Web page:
Curtain Raiser: Tuesday Special Election
STRAFFORD COUNTY – As I’ve stated before, 90 percent of special elections are over on filing day. Usually the district leans strongly to one party, or one candidate is easily more qualified and better known than the other. Entirely too much emphasis is placed on divining “meaning” from special election results when usually none exists. Almost never is a special election a referendum on one party.
Those caveats stated, a look at the special election to be held Tuesday in the Strafford County District 3. It’s a big, eight-member district covering more than 20,000 voters in six towns (Barrington, Farmington, Middleton, Milton, New Durham and Strafford). Honey Puterbaugh of Barrington is the Republican. Bob Perry of Strafford is the Democrat. No one town dominates, though Barrington, Puterbaugh’s home, is the largest. The district is prohibitively large, budget wise, for tactics like direct mail.
It’s a classic swing district that behaves very similarly to statewide trends:
March 2011, voter reg: 29% R, 27% D, and 44% U
2008 presidential: Obama 52.6%, McCain 46.5%
(1.3% better than Obama’s statewide average)
2004 presidential: Bush and Kerry tied at 1,121 votes each (49.6%)
(Bush lost the state by a point)
2000 presidential: Bush 48.0%, Gore 47.1%
(Bush carried the state by a point)
In November 2006, Democrats won all eight seats. In 2008, Republicans gained two but lost the other six. Last November, Republicans swept all eight seats in the district. For perspective, Jim Forsythe, elected to the state senate in 2010, came up short for a seat in the state house from this district in 2008.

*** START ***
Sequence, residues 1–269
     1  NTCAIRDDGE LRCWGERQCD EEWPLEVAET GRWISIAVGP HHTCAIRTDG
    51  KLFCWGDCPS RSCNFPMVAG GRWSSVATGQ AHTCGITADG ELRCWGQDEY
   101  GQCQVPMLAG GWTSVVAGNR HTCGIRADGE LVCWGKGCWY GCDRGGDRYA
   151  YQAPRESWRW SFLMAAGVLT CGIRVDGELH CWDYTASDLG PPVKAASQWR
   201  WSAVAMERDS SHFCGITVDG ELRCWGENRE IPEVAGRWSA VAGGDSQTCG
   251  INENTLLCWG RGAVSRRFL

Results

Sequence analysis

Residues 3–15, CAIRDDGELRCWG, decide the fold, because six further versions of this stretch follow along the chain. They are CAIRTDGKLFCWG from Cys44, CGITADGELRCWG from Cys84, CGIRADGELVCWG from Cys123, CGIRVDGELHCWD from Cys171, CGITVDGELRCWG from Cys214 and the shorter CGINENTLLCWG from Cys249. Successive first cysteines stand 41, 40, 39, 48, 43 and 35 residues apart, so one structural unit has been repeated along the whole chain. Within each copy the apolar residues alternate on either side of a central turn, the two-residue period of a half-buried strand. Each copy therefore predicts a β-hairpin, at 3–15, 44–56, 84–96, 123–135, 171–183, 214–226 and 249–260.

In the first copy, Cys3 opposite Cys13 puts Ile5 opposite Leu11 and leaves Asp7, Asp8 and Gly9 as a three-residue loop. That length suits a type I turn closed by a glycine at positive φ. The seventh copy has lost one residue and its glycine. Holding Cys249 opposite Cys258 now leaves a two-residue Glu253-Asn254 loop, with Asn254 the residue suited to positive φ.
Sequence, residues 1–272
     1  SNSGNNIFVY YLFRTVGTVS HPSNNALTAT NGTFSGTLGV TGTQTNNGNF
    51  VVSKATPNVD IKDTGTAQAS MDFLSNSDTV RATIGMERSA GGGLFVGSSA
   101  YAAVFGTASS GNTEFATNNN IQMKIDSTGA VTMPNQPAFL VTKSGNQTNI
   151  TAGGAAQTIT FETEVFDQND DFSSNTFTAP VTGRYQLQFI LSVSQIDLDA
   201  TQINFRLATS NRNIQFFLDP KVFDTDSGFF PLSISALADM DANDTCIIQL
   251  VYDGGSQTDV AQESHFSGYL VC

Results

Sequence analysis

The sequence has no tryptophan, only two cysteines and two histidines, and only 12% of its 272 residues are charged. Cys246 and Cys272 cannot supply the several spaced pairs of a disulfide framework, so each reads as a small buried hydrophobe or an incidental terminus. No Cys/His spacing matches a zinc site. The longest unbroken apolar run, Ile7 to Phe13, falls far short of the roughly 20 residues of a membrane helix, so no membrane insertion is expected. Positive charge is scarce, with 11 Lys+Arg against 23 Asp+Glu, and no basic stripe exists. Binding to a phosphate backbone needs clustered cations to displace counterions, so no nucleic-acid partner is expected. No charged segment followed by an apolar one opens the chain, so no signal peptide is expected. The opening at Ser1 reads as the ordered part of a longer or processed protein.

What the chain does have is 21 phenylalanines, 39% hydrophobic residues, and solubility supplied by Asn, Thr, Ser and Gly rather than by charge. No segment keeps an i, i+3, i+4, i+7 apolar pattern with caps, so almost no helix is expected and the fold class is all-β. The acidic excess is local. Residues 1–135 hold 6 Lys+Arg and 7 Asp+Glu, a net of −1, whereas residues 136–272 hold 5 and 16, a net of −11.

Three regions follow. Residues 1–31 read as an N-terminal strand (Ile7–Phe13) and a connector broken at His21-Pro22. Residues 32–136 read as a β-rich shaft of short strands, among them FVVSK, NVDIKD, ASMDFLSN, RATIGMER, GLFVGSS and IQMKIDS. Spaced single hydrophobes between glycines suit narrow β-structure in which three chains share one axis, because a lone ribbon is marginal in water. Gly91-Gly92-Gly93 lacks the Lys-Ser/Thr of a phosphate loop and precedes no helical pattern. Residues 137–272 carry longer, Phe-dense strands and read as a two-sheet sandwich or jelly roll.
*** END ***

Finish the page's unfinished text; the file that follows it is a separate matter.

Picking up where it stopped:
So in this case neither party has a strong natural advantage in the district, meaning the quality of the candidates matters more than it might otherwise. The Democrats selected an experienced former state rep in Bob Perry – a strategy that helped them win the special election in the Mont Vernon area in the spring. To the extent that voters have heard much about either candidate, the focus has been on the fact that the Republican candidate, Honey Puterbaugh, is a Free Stater, something Puterbaugh embraced in a letter to the editor that ran in Saturday’s Foster’s. The letter came in response to a Friday editorial in which the paper said, “Foster’s believes there has been a concerted effort on the part of the candidate and the state Republican Party to avoid an open and full discussion of the issue” of Puterbaugh’s affiliation with the Free State movement.
Such issues might not get much notice, or be much of a liability, in a general election with 16 candidates on the ballot in the district and 37 state rep races in the county. But in a one-on-one special election in which it’s been the major issue of the limited campaign, being a card-carrying Free Stater is not a political advantage.
The party that loses the election will be criticized for not doing enough to win it, but I disagree. In terms of return on investment, spending money on special elections is a bad use of limited resources. And given the nearly 3:1 advantage Republicans enjoy in the house, can partisans on both sides agree that the outcome of one special election doesn’t really matter much in the grand scheme of things?
email@example.com, August 7, 2011